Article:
Towson University (TU) prides itself on its rich history of economic and community engagement. From its beginning as the Maryland State Normal School to its impact today as an anchor institution as the largest university in Greater Baltimore, TU educates and prepares students to be thoughtful contributors to the state. Reflecting on this 150-year history of academic success and proven dedication to improving lives, TU received the Community Engagement Classification from the Carnegie Foundation in 2008 with renewal in 2015. More quantitatively, TU has an estimated annual economic impact of $2.1 billion on Maryland’s economy. While any economic impact calculation cannot capture the richness nor the full scope of influence the university has, it does demonstrate TU’s role as a driver of our local and state economies.
Economic engagement efforts occur throughout the university ecosystem, underlying TU’s widespread commitment to these activities and recognition of their importance. All administrative divisions contribute to economic engagement, including:
Coordination of economic engagement efforts at TU occurs in several ways. Vice presidents of each division meet on a bi-weekly basis as part of the President’s Council, allowing for communication between the various divisions carrying out economic engagement. This collaboration breaks down silos at the administrative level and allows for updates to be shared across divisions. Examples of projects supported through the President’s Council include:
An innovative approach to economic engagement, BTU—Partnerships for Greater Baltimore is a dedicated organizational unit charged with supporting community partnerships and plays an outsize role in supporting both community and economic engagement. BTU coordinates and strengthens partnerships throughout Greater Baltimore and across Maryland and acts as the contact point between external partners and TU. In addition to full-time staff, BTU relies on and benefits from the input and participation of the TU community through the BTU Council, which consists of representatives from each college and administrative division of TU.
Furthermore, BTU’s efforts are a key driver of success and act as a model for supporting economic engagement at TU. In addition, one of BTU’s five areas of impact is to support a “thriving and competitive economy,” further linking TU’s partnerships work with economic inclusion and engagement.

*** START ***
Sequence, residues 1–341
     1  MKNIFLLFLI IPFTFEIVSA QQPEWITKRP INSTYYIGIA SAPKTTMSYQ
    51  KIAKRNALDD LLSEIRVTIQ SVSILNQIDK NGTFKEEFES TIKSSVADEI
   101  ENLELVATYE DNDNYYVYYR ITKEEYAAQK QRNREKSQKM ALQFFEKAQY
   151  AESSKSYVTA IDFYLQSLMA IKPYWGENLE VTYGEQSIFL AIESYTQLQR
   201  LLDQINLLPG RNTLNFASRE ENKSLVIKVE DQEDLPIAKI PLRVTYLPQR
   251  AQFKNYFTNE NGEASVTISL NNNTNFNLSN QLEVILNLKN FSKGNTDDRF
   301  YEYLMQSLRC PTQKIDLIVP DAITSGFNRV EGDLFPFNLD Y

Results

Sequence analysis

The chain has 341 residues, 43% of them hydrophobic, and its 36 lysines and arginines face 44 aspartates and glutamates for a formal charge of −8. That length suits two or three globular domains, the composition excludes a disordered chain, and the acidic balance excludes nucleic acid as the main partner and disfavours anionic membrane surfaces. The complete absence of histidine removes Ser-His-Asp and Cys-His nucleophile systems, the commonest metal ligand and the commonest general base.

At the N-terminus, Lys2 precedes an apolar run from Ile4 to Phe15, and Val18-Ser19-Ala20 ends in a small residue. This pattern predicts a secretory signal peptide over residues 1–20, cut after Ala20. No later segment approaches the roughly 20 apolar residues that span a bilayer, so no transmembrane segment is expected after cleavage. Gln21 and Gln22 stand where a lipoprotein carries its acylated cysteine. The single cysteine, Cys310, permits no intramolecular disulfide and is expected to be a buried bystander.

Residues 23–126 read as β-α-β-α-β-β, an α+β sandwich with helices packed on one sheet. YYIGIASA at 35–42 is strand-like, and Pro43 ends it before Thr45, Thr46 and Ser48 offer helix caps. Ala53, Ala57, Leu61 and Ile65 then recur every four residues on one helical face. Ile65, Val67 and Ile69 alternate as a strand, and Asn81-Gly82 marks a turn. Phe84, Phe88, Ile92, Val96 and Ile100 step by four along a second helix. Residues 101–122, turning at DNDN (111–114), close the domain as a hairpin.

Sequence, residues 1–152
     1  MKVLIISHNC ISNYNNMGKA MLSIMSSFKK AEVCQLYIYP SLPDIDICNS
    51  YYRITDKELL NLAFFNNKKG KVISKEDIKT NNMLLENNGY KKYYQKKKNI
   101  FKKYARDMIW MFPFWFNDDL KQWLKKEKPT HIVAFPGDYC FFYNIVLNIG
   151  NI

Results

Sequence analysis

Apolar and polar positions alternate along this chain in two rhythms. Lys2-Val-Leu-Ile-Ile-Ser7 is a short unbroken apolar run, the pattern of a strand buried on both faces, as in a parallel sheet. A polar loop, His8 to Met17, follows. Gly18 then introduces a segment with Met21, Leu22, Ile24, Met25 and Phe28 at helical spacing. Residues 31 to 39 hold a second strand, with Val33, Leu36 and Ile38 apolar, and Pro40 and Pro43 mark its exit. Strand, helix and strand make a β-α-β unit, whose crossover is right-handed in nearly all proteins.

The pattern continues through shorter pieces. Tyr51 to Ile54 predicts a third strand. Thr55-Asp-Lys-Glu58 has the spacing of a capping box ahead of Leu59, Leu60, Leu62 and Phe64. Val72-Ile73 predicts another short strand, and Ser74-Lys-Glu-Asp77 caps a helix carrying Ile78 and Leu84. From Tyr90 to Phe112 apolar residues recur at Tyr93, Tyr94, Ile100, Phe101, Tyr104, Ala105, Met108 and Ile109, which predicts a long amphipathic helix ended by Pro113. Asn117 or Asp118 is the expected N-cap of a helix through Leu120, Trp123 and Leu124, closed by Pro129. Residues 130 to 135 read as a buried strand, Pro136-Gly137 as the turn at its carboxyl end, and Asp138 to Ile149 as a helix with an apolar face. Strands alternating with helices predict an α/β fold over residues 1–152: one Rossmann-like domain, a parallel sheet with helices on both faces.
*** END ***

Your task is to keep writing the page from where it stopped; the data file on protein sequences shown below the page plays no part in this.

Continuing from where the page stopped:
Economic engagement efforts are significantly incorporated into the university’s strategic plan—Leadership for the Public Good—through all six goals of educate, innovate, engage, include, support, and sustain. For instance, students are educated to be leaders and contributors to society; innovative academic research and/or community outreach-based research can improve the quality of life of our neighbors; engagement activities remove TU from the “ivory tower” to help ensure that our resources benefit our surrounding communities; inclusion efforts help to ensure that students from all backgrounds feel valued and welcome; support services in academics set students up for success in their careers; and sustainability initiatives emphasize TU’s commitment to the planet and future generations. By tying economic engagement efforts to goals laid out in TU’s strategic plan, university buy-in, and resource allocation are essentially guaranteed.
Economic engagement is also a component of academic program planning. As new programs are developed, approval processes require TU to demonstrate factors that include workforce need and a quantified market supply and demand imbalance. For example, new academic programming includes an entry-level Master of Science program in nursing, which will help to alleviate workforce shortages in the state by allowing students to move into graduate nursing without first seeking a second bachelor’s degree. Additionally, TU faculty can obtain course releases/research credit to conduct outreach activities, further integrating academics and economic engagement.
The StarTUp at the Armory serves as TU’s “front door” for startups, local businesses, and community members who want to engage with the university without navigating the main campus. As a centrally located physical space in downtown Towson that allows for convening, the Armory lays the groundwork for TU’s ability to advance economic engagement within Greater Baltimore.
Since its launch, the StarTUp has contributed to the economic development of the region and beyond by supporting 20 active ventures through a business accelerator program. These ventures have an average annual revenue of more than $600,000 and have contributed a combined 263 new employees to the state.
About TU’s self-study process
The IEP self-study process was undertaken by TU’s Regional Economic Studies Institute (RESI), within the Division of Strategic Partnerships and Applied Research. RESI reviewed materials provided by APLU regarding economic engagement.
RESI conducted an inventory of existing TU programming and categorized activities based on the Talent/Innovation/Place categories. During this initial phase, RESI also collaborated with other members of the TU campus community, including staff involved in community engagement and strategic planning. Focus groups were arranged for students, faculty, staff, and community members. RESI’s survey methodologist developed a survey for internal and external stakeholders based on the APLU IEP Assessment Tools survey. The survey asked respondents about their familiarity with several aspects of TU’s economic engagement efforts.